As part of ESA’s strategy to foster commercial competitiveness in Europe while focusing on its core aims, the agency has transferred ownership of several ground tracking stations for reuse by external organisations.
By the end of 2017, ESA will have transferred three stations to national organisations in Spain and Portugal, who will take over the provision of satellite tracking services to a wide variety of commercial customers.
The three stations involved in the transfer are all equipped with 15 m-diameter dish antennas, suitable for supporting near-Earth missions, and are located in Spain, at Maspalomas and at ESA’s space astronomy centre near Madrid, and in Perth, Western Australia.
The new operators will be able to use the stations to offer tracking services on a commercial basis to customers worldwide, which also includes ESA, leaving the Agency free to focus on meeting the demanding technical requirements of its deep-space stations, in Spain, Argentina and Australia, and on operation of a select group of four other stations.
“The handover increases commercial capabilities and capacity in Europe, not only to the benefit of ESA but also for commercial partners,” says Yves Doat, Head of Ground Facilities Infrastructure at ESA’s mission control centre, Darmstadt, Germany.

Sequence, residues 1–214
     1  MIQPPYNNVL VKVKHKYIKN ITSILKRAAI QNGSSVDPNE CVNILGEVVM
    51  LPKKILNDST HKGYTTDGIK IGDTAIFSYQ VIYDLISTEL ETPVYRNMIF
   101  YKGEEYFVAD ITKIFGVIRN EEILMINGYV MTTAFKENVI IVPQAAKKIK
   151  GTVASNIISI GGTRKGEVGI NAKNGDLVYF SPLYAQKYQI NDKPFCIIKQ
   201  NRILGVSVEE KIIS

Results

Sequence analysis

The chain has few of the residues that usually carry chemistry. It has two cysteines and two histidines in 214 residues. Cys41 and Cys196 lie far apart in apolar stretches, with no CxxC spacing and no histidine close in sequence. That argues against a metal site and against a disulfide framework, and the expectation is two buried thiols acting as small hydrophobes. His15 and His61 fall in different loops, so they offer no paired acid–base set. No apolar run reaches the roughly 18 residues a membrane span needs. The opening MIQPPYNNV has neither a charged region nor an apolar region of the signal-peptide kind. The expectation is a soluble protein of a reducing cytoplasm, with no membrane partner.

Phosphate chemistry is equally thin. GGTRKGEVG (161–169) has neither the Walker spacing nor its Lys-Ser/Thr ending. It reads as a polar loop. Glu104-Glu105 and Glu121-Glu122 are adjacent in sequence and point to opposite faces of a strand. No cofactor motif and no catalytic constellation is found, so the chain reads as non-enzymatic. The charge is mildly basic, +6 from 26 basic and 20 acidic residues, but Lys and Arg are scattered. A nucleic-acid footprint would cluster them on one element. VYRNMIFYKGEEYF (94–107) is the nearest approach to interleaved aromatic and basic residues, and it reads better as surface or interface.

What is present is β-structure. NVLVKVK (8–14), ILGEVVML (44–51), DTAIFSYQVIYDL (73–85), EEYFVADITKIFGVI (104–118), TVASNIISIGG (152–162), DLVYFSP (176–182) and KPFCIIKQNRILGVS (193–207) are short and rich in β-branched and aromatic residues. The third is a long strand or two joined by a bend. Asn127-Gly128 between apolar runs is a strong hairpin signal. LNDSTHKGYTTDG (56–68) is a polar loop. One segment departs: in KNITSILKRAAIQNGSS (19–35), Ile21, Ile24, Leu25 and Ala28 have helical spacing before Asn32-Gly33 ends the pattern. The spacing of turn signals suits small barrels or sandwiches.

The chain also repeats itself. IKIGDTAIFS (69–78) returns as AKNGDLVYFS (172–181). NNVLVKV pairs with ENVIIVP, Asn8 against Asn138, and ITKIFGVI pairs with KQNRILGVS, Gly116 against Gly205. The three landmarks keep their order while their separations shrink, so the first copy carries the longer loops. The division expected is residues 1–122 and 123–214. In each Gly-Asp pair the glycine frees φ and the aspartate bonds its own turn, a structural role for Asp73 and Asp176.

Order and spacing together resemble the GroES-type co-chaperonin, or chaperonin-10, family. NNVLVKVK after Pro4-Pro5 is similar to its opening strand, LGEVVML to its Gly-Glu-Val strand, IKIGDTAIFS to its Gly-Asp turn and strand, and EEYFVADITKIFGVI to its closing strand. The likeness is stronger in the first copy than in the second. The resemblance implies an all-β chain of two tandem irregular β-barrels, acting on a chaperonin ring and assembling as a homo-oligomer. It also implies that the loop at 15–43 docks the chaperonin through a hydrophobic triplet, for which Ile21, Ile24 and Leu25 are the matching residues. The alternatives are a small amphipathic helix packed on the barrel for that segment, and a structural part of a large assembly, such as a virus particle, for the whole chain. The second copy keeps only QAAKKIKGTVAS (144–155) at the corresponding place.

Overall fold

“ESA will continue developing the new technologies needed for future communication, including very high data-rate optical communication and networking with exploration partners at the Moon, Mars and other deep-space destinations.
“This approach maintains and consolidates the Agency’s future near-Earth communications through commercial support.”
From the Indian Ocean to the windy Atlantic
The handover of the Perth station was notable. The station’s frequency licence was withdrawn by the national telecoms regulator in 2015, and the station could no longer operate where it was. After being decommissioned, ESA was faced with the not insignificant cost of tearing it down and disposing of the structure and technical equipment.
“Instead, the government of Portugal made a bid for the station and, following a cost-sharing agreement for dismantling and transportation, it was shipped to Santa Maria island, in the Azores, where it is being recommissioned and placed back into service by 2018,” says Yves.
Leveraging national expertise
In contrast, the existing antennas at Maspalomas, Canary Islands, and near Madrid will be taken over in their current locations to be operated by Spain’s National Institute of Aerospace Technology (INTA).
The Madrid antenna will be refurbished and restart operations in 2018 under a new licence.
Since September 2017, Maspalomas station has continued operating under its new owner, and has already been used to support ESA’s Cluster mission as one of its first cornerstone customers.
“Through more than three decades of service, the three stations supported some of Europe’s most important Earth, science and human missions, as well as the launchers lifting off from Kourou,” says Lionel Hernandez, former Madrid station manager.
“It is fitting that they will continue to serve a wide and active customer base, supporting spaceflight operators across Europe.”